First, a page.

Global markets were up all week with a massive post-thanksgiving crash following the emergence of a new covid-19 variant in South Africa.
The United States.
Stocks declined for the holiday-shortened week after Friday’s news about the emergence of a new, potentially more contagious, coronavirus variant in South Africa triggered a sharp sell-off in riskier assets such as equities. Before the Thanksgiving holiday, information technology stocks suffered as rising Treasury yields which give directions to global yields, made expected corporate profits far in the future less valuable in today’s terms. Yields decreased on Friday amid the flight to assets viewed as safe-havens. Value stocks held up better than growth companies despite Friday’s selling pressure on stocks related to leisure and travel.
On Monday morning, President Joe Biden said that he plans to renominate Jerome Powell as Federal Reserve chair. Powell was widely viewed as somewhat less dovish than Lael Brainard, a Fed governor who was the other leading candidate for the position. Biden nominated Brainard to be the vice-chair of the Fed’s Board of Governors.
On Friday, stocks across global markets led by the U.S fell sharply after scientists in South Africa said that they have found a new variant of the coronavirus that appears to spread more quickly than the delta variant that caused a global wave of cases earlier in 2021. Although it is unclear if the new variant is more effective at evading the immune defences triggered by current vaccines, the news prompted a sell-off in riskier asset classes and a rally in safe-havens, such as Treasuries. The price of West Texas Intermediate crude oil, the U.S. benchmark for the commodity, plummeted more than 10% on Friday on fears that the new variant will damage demand for oil.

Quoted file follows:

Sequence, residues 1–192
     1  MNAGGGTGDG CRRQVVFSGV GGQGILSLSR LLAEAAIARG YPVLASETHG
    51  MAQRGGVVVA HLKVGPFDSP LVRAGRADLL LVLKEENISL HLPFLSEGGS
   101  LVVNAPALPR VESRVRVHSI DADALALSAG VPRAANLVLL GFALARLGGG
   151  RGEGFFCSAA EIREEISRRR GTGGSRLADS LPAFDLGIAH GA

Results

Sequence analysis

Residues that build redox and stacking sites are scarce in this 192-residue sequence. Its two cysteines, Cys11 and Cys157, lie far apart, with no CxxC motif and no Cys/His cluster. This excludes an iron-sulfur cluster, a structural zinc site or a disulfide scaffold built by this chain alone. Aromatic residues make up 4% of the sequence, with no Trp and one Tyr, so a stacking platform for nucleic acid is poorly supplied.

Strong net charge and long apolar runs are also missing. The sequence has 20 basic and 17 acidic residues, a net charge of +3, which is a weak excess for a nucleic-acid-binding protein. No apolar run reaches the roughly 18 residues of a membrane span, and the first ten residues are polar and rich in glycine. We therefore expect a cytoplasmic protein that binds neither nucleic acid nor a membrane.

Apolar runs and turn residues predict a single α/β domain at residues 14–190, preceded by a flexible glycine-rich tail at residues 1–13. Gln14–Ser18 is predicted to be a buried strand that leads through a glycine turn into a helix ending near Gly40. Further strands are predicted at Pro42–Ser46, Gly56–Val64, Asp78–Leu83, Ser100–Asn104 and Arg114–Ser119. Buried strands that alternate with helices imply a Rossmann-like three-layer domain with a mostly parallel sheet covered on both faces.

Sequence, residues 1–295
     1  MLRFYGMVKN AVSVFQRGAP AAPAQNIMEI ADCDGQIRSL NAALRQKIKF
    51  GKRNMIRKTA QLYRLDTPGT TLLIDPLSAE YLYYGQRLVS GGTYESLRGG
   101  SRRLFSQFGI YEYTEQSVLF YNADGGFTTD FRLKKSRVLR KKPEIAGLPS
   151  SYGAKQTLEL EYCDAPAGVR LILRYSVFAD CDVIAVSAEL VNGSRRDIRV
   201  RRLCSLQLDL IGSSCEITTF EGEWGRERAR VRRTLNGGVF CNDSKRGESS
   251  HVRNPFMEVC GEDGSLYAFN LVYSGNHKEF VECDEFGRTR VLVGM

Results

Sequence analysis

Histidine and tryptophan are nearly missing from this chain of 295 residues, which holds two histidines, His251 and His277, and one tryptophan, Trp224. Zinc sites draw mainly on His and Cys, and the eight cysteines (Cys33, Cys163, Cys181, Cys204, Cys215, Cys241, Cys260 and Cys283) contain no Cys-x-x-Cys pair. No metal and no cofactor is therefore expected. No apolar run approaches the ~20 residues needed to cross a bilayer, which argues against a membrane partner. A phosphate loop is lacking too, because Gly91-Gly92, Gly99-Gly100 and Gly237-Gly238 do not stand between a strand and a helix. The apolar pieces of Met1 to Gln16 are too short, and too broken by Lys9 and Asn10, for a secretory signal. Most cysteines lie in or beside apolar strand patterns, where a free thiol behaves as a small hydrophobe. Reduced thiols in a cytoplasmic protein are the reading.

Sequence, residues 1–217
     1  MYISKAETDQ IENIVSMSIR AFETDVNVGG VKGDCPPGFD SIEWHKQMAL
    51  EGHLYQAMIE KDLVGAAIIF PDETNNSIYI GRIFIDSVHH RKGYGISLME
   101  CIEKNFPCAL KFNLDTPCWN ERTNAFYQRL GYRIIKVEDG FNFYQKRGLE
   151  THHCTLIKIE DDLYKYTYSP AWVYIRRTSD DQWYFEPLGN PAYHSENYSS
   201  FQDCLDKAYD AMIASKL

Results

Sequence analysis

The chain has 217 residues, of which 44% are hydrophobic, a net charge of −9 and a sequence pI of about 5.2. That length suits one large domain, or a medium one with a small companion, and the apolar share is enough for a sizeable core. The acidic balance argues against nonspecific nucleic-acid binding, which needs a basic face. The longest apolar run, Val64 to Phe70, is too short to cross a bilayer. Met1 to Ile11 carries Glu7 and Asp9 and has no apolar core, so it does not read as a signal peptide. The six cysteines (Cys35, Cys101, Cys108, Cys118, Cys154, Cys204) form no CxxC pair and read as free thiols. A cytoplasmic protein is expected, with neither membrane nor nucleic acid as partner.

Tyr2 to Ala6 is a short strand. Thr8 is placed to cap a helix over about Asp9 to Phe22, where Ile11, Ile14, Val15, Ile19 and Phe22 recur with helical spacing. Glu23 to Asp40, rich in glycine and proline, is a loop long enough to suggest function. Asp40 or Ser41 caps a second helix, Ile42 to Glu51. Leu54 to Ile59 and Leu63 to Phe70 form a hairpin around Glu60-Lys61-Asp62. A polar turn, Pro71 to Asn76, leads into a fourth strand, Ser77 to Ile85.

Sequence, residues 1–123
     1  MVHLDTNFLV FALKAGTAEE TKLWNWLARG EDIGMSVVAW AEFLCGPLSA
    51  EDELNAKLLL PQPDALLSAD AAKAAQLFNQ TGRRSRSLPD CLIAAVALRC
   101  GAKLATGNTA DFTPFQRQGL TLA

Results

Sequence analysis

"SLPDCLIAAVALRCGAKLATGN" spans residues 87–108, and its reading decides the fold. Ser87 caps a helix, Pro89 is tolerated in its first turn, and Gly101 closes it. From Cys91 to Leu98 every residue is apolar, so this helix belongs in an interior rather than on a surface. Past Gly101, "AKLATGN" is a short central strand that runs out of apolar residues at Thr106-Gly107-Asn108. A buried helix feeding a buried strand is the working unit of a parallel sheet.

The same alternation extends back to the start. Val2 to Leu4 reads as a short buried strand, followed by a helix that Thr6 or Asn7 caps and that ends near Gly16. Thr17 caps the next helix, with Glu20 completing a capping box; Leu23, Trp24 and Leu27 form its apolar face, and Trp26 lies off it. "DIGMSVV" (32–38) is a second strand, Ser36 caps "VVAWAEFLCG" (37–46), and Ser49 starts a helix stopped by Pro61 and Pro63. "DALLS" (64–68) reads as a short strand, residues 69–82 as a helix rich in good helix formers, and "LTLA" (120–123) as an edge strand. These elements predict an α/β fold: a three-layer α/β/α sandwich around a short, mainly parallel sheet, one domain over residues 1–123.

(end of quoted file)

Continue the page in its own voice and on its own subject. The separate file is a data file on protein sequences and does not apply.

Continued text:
|Index||Friday’s Close||Week’s Change||% Change YTD|
|S&P MidCap 400||2,779.41||-91.31||20.50%|
Shares in Europe fell sharply on fears that the economic recovery might be derailed by the imposition of tight coronavirus restrictions and the spread of a new variant of the virus. In local currency terms, the pan-European STOXX Europe 600 Index ended the week more than 4% lower. The main indexes of Germany, France, Italy, the Netherlands, and Spain also tumbled following the drop across global markets. The decline of the UK’s FTSE 100 Index was less pronounced, as the pound depreciated against the U.S. dollar. A weaker pound tends to support the index because many of its companies are multinationals with overseas revenues.
The UK was the first major global power to ban travel from South Africa and its neighbours to contain the new strain of coronavirus, and the European Union (EU) planned similar moves. Earlier in the week, large-scale protests broke out in the Netherlands, Belgium, Austria, and Italy after they imposed stricter controls due to the spike in infections. However, apart from the Netherlands and Austria, most countries stopped short of imposing lockdowns, and some made booster injections that enhance vaccine effectiveness available to all adults.
Social Democrat leader Olaf Scholz will succeed Angela Merkel as chancellor of Germany after clinching a deal with the Greens and the liberal Free Democrats (FDP) to form a coalition government. FDP Chairman Christian Lindner, a fiscal conservative, will be the finance minister. The alliance said its main aims are to upgrade infrastructure to modernize the economy, accelerate measures to combat climate change and increase the minimum wage and social housing.
Chinese markets weakened and followed other global markets, with the CSI index easing 0.6% and the Shanghai Composite Index ending flat amid U.S.-China tensions and rising economic pressures that raised expectations for supportive government measures. Yields on China’s 10-year government bonds fell to 2.881% from the prior week’s 2.946% as investors sought safe-haven assets. The yuan gained marginally to 6.3917 per U.S. dollar from last week’s 6.4009 per dollar.
Relations with the U.S. remained tense over the status of Taiwan and trade issues. The U.S. Commerce Department issued a trade blacklist naming a dozen Chinese companies that it said supported the military modernization of the People’s Liberation Army. In response, a Chinese official said the U.S. should not expect China’s military to compromise regarding Taiwan.